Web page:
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woman hold her jaw in pain due to TMJ syndrome
woman hold her jaw in pain due to TMJ syndrome
woman hold her jaw in pain due to TMJ syndrome

TMJ stands for temporomandibular joint and refers to the two joints that connect your jaw bone or mandible, to the temporal bone of your skull. When functioning normally these joints allow you to move your jaw, chew, and speak without jaw pain or limitation. Problems with the TMJ that lead to jaw pain are called TMD (temporomandibular dysfunction). TMD can be a painful and debilitating condition and can be difficult to resolve. But with a team approach involving your Physiotherapist and an experienced Dentist patients can successfully eliminate their symptoms.

Why Does My TMJ (Jaw) Hurt? 

The TMJ is a complex joint consisting of the two bones and a disc. In order to function correctly the joints on both side of your jaw must be able to open in two phases. In the first half of opening the mandible spins inside the joint. This is followed by a translational phase where the mandible and disc glide forward on the temporalis bone to achieve full opening. If this movement of the joints on each side are not coordinated it can cause misalignment of the jaw and painful symptoms. 

Anatomy and physiology of the tmj joint

What Are The Symptoms of TMJ?

TMD symptoms can be mild or quite severe. They can make it difficult to eat solid food. Here is a list of common symptoms that patients experience when dealing with TMJ dysfunction.

  • Pain in the TMJ joint – just in front of your ear hole.
  • Painful popping or clicking
  • Locking of the jaw in an open position
  • Muscle spasm at the angle of their jaw and on the side of their head 
  • Headaches
  • Dizziness


Causes of TMD

Your Jaw can become injured in a variety of ways that result in painful movement, or misalignment of the jaw including;

TRAUMA – Some people sustain a trauma to the joint which results in hypermobility or after a scarring process can lead to stiffness of one of the TMJ joints. The resulting unequal movement leads to accelerated wear and tear of the joint structures. 

GRINDING – Your dentist may have remarked that you are a ‘grinder’ and recommended a night guard to protect your teeth from wear. All of that grinding and clenching of the jaw while you sleep also has an effect on your TMJ joints. It can result in joint or disc injury as well as muscle spasm. 

POSTURE – Most people don’t realize many of the muscles that control their jaw also attach to their upper neck. Having a “forward head posture” is a common cause of jaw dysfunction. {Photo of forward head posture}

EATING – Sometimes people injure their TMJ joints by eating. Biting large or hard objects especially if only biting on one side of the mouth can easily injure your TMJ.

Most people who seek help with their TMJ can not point to one specific incident, but rather describe a condition that came on slowly and gets worse over time.


How does Physiotherapy Eliminate TMJ Dysfunction and Pain?

IMPROVING TMJ MOBILITY – If a patient is assessed to have TMJ arising from a stiff joint (usually as a result of some past trauma that resulted in stiffness) the physiotherapist can use manual therapy techniques to get the joint moving properly again. They will then prescribe specific stretches that will help you to maintain the range of motion improvement between visits.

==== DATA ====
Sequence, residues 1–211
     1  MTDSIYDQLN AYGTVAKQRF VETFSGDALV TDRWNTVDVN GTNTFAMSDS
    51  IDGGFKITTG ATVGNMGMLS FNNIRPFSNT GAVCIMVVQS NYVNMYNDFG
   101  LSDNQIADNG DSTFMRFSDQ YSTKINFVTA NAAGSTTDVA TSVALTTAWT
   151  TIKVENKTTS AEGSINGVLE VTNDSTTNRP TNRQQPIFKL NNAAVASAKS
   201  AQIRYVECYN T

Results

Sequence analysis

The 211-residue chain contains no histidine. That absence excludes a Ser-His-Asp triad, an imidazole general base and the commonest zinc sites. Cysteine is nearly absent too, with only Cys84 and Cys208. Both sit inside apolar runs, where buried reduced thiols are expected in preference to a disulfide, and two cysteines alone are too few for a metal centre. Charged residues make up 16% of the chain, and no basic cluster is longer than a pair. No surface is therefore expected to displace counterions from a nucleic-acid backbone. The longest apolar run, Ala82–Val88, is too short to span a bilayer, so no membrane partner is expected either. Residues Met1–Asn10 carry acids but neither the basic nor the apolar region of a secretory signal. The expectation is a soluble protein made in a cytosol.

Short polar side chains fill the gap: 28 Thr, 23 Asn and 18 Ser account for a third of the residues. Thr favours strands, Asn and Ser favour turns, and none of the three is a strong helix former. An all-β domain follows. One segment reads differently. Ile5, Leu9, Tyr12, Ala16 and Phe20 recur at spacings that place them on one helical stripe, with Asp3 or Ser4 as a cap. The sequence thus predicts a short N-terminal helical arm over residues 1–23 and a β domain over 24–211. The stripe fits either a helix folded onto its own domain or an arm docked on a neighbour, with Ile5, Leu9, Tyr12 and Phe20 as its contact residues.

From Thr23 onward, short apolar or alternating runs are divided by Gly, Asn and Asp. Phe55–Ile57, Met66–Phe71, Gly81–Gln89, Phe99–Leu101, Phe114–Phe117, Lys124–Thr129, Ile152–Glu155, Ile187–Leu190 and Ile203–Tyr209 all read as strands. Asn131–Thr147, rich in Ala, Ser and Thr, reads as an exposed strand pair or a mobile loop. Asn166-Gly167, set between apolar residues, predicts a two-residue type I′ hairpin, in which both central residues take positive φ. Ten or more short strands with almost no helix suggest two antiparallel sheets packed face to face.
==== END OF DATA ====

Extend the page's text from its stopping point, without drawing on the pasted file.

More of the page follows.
REDUCING MUSCLE SPASM – Physiotherapists are anatomy experts and understand how to assess the muscles of your TMJ. Often we find that muscle spasm is preventing the TMJ from recovering. Manual therapy techniques to reduce spasm will help to improve joint alignment and movement, ultimately resulting in less pain!

STRENGTHENING FOR HYPERMOBILE JOINTS – Some patients have a TMJ that moves WAY too much or in a poor pattern. Your physiotherapist can recognize this problem and help with treatments and exercises that strengthen weak muscles and improve your natural movement pattern.

POSTURAL TRAINING – Changing that forward head posture makes a big difference for some people who suffer from TMJ dysfunction. We teach patients how to strengthen postural muscles and lengthen shortened tissues so that they can improve their head position. Your Physiotherapist will also make suggestions that will help set up your workstation, car or anywhere else you spend a lot of time sitting to promote a better body position. 

PAIN RELIEF FOR TMJ DYSFUNCTION – When patients are in a lot of pain and just need some relief so that they can begin to make the changes outlined above, a physiotherapist can relieve the pain with thermal modalities, acupuncture and gentle manual therapy. 

A great Physiotherapist will do a thorough assessment of your particular TMJ problem and match the treatment plan to the cause of your symptoms. 


A Great Dentist Can Help Eliminate TMD

Any patient suffering with jaw pain from TMD should find a great dentist to help. Dental techniques coupled with physiotherapy treatment is the best way to cure your jaw pain. For a detailed explanation of how an experienced dentist can help with TMD see this post from Archer Dental in Toronto.

Adam Brown

Adam Brown        MClScPT
Registered Physiotherapist

Adam is a well-respected physiotherapist known for successfully treating complex  patients throughout the Greater Toronto Area.  He co-founded Cornerstone Physiotherapy and provides mentorship to orthopaedic physiotherapists.



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